California Lead Paint

FILE - In this June 28, 2004, file photo, a customer looks over color chips at a Sherwin-Williams store in Columbus, Ohio. The nation's major suppliers of lead paint have agreed to pay California's largest cities and counties $305 million to settle a nearly two-decade old lawsuit. The settlement announced Wednesday, July 17, 2019, comes after years of legal and legislative battling in California and other states. The settlement is with the Sherwin-Williams Company, ConAgra Grocery Products Company and NL Industries, Inc. (AP Photo/Jay LaPrete, File)

SACRAMENTO — The nation’s former major suppliers of lead paint have agreed to pay California’s largest cities and counties $305 million to settle a nearly 20-year-old lawsuit, attorneys said Wednesday.

The settlement comes after years of legal battling in California and other states. Former lead paint manufacturers tried to change California law last year with a ballot initiative that they later withdrew.

A judge initially required Sherwin-Williams Co., ConAgra Grocery Products Co. and NL Industries Inc. to pay $1.15 billion to clean up lead paint. An appeals court in 2017 affirmed that lead paint is a public nuisance but ruled that the companies only would have to pay for cleaning up homes built before 1951, leading to the settlement.

“We’re very pleased that we have hundreds of millions of dollars to dedicate to cleaning up this hazard in our communities,” Santa Clara County Counsel James Williams said. “The real beneficiaries of this case will be the current and future children of California who will now have far less chance of being poisoned by lead.”

It’s unclear if the settlement will spark other lead paint lawsuits, he said, citing legal conditions unique to California. The money will go to Alameda, Los Angeles, Monterey, San Mateo, Santa Clara, Solano and Ventura counties, as well as Oakland, San Diego and San Francisco.

Sherwin-Williams said the court ruling that prompted the settlement “remains an aberration at odds with other judicial decisions across the country, where all other appellate courts have found that companies should not be held retroactively liable for lawful conduct and truthful commercial speech decades after they took place.”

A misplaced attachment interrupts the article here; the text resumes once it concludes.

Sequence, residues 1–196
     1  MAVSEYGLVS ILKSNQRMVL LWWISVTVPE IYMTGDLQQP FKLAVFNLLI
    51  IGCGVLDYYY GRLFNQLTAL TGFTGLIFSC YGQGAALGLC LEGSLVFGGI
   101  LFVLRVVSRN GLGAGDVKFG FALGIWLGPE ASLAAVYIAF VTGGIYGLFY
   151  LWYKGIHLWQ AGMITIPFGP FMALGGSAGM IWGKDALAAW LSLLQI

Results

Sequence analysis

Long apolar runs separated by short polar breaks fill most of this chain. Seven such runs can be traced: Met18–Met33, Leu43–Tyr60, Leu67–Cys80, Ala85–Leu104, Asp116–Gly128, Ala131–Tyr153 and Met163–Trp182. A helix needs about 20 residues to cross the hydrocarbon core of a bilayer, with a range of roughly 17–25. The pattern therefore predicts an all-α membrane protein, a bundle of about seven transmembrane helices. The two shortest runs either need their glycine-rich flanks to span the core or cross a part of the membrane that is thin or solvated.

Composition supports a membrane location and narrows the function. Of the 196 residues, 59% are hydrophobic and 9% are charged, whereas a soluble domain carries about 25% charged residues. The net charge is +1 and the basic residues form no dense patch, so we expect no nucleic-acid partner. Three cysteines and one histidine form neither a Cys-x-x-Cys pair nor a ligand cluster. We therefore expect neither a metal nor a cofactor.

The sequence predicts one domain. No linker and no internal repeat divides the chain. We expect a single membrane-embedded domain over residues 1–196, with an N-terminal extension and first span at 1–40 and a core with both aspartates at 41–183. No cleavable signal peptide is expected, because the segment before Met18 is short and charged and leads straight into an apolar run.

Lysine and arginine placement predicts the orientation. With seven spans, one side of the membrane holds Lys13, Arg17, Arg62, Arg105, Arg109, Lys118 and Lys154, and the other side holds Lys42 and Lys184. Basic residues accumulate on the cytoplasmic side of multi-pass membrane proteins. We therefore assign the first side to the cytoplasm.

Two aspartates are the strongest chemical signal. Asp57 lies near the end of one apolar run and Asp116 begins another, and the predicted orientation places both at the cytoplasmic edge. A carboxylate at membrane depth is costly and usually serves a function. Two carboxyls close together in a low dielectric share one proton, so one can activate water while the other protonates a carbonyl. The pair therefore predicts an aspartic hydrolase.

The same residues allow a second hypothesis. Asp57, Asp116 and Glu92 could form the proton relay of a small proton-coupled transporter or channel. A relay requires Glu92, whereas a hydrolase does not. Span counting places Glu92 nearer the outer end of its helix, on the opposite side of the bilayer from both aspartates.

Lawsuits in Illinois, Missouri, New Jersey, New York, Ohio, Rhode Island and Wisconsin all were rejected or dismissed, the company said in a statement, warning that it will “continue to vigorously and aggressively defend against any similar current or future litigation.”

Sherwin-Williams said it advertised the paints when they were the “gold standard” required by federal, state and local governments nationwide.

ConAgra and NL Industries both said they were pleased to end the long-running lawsuit.

(0) comments

Welcome to the discussion.

Keep it Clean. Please avoid obscene, vulgar, lewd, racist or sexually-oriented language.
Don't Threaten. Threats of harming another person will not be tolerated.
Be Truthful. Don't knowingly lie about anyone or anything.
Be Nice. No racism, sexism or any sort of -ism that is degrading to another person.
Be Proactive. Use the 'Report' link on each comment to let us know of abusive posts.
Share with Us. We'd love to hear eyewitness accounts, the history behind an article.